LIFESTYLE & COMMUNITY

Teen Can’t Stop Pulling Out Her Own Hair, Leaving Bald Patches The Size Of A Hand At A Time

Date April 25, 2019 11:13

Mental disorders often start with seemingly quite harmless changes in behavior and gradually develop. Sometimes, neither the person, especially a child, nor the close ones perceive it as a dangerous symptom. However, some of these disorders can greatly affect quality of life.

Megan Prosser was only 8 when she began to feel an overwhelming urge to pull out her own hair. The girl started with eyelashes. She was sure that each of them would grant her a wish. Later, she explained this by saying that it was a way of controlling her body. In an involuntary attack, she could pull out so much hair as to create a bald spot the size of a hand.

The girl covers the bald patches with powder designed for concealing gray hair, various hairstyles, and headwear.

After Megan was diagnosed with trichotillomania, a form of mental disorder more common in children than in adults, she underwent therapy. Unfortunately, the treatment didn’t work, so Prosser tried shaving her head.

Trichotillomania is a disorder that is common in children and adolescents who have suffered a mental trauma or stress. Also, it affects girls more often than boys. Children have an overwhelming urge to pull out their hair with growing anxiety. These actions bring them emotional relief and are practically uncontrollable.

It is necessary to consult a doctor as soon as possible once you notice that a child’s eyelashes, eyebrows, or hair has become sparser, or if you notice bald spots of unusual shape. What exactly causes this disorder is not known for certain. It is believed that this may be a way to cope with stress or anxiety, the result of changes in hormonal levels during puberty, or a chemical imbalance in the brain. The treatment comes down to the fact that the supervising physician helps the child to change this habit.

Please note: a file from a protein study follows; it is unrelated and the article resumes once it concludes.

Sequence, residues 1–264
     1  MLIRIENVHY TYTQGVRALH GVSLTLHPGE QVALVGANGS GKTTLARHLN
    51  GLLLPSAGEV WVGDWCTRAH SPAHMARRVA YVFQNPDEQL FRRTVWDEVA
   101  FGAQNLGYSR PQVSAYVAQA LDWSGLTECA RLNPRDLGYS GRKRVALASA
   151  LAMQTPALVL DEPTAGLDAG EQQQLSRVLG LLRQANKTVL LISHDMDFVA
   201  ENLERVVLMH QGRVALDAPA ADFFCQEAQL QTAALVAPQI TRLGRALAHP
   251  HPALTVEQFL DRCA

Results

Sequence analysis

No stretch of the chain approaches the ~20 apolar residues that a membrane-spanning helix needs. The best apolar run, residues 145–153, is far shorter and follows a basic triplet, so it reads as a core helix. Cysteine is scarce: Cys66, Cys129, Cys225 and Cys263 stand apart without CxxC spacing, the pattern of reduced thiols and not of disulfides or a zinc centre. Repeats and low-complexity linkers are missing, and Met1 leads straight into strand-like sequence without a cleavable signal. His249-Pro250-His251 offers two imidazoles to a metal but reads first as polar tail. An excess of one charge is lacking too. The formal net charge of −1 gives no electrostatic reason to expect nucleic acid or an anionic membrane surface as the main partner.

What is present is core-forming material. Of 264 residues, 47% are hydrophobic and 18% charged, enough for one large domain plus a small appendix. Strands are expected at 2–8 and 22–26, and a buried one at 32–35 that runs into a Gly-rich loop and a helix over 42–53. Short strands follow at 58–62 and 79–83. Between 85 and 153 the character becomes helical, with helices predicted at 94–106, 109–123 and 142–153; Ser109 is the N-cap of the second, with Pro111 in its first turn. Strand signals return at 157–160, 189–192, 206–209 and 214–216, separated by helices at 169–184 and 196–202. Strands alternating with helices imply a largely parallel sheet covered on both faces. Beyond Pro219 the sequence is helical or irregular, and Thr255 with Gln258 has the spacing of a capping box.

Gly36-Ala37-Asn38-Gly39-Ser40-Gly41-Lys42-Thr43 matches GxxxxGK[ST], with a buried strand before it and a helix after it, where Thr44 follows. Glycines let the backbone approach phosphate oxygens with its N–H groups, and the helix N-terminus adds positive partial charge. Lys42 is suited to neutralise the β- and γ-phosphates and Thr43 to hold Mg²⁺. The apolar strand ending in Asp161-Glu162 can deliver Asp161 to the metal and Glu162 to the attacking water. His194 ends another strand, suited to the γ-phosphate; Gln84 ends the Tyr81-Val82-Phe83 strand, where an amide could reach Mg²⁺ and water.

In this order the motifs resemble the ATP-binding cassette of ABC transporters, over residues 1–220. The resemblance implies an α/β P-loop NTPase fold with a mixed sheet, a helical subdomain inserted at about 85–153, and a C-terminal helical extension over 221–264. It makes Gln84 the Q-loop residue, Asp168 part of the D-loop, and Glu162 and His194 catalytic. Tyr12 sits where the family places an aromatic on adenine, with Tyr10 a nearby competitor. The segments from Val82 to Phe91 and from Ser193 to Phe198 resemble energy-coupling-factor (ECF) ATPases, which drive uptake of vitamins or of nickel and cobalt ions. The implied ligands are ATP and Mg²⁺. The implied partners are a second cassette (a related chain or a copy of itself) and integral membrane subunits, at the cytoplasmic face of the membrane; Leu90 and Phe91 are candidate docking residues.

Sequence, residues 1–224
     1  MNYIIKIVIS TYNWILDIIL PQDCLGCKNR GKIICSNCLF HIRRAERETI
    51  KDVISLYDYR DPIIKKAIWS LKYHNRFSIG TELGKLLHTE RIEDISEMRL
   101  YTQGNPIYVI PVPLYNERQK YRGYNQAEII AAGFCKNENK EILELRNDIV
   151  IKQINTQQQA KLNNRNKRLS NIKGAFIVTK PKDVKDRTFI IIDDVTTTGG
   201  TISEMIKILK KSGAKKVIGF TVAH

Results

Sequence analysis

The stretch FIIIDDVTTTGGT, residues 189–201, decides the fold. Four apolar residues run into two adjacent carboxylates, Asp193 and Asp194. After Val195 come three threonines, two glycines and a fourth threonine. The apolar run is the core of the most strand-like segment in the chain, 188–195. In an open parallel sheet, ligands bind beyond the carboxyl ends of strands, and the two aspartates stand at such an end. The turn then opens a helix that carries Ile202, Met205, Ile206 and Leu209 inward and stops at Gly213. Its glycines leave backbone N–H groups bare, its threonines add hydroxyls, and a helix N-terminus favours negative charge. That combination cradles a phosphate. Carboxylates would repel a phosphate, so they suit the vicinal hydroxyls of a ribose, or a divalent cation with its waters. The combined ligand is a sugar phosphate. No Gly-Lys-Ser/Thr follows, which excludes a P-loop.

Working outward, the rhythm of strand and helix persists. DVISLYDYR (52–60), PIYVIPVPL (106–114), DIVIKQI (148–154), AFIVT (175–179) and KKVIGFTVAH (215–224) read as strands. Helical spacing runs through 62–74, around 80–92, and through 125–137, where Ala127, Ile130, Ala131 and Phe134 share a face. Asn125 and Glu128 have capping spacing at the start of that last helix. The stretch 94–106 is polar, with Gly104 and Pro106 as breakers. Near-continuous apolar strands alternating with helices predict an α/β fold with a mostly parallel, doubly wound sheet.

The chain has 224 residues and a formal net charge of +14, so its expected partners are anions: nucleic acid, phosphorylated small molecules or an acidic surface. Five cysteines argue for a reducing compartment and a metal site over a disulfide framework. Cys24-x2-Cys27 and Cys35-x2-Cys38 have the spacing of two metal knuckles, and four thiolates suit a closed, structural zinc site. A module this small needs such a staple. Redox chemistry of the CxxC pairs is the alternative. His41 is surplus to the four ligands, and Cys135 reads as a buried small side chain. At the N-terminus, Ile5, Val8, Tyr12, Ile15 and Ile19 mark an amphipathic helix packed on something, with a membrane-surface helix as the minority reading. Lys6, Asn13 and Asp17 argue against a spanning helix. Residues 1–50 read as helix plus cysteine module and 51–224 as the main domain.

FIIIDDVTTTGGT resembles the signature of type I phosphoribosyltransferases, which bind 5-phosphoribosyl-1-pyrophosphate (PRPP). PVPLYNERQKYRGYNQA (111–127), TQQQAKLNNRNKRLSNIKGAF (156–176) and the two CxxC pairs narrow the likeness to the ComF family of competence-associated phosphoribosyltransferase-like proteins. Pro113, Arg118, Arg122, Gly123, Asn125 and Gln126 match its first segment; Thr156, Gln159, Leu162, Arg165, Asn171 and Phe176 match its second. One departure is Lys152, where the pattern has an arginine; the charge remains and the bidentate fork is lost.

Trichotillomania is also characterized by:

  • uncontrolled "playing" with the hair, including biting;
  • a desire to get rid of hair only of a certain texture;
  • a feeling of satisfaction or relief after having pulled out a hair;
  • repetitive behaviors – nail or skin biting, lip chewing, etc.

The risk group includes adolescents between the ages of 10 and 13, in particular, those suffering from other mental disorders, living under conditions of heightened stress, or those who have had a traumatic or frightening experience.

If trichotillomania has already manifested itself, it is likely that it will become chronic. Therefore, medical supervision and keeping a regular diary are very important. Fortunately, the chances of successful recovery are rather high: in most cases, people learn to control their habit.

Others’ attitude toward the behavior of the person affected by this disorder also plays an important role. Support is all that’s needed.

  1. Don’t ask why the person can’t stop.
  2. Don’t insist that the person see the damage.
  3. Don’t advise the person to "learn to relax."
  4. Don’t fixate on the "pulling attacks," unless the person instructed you to do so.

These intuitive reactions can only aggravate the condition and increase the level of anxiety. If it is a child who is affected, the first thing to do is to create favorable living conditions!


This article is solely for informational purposes. Do not self-diagnose or self-medicate, and in all cases consult a certified healthcare professional before using any information presented in the article. The editorial board does not guarantee any results and does not bear any responsibility for any harm that may result from using the information provided in the article.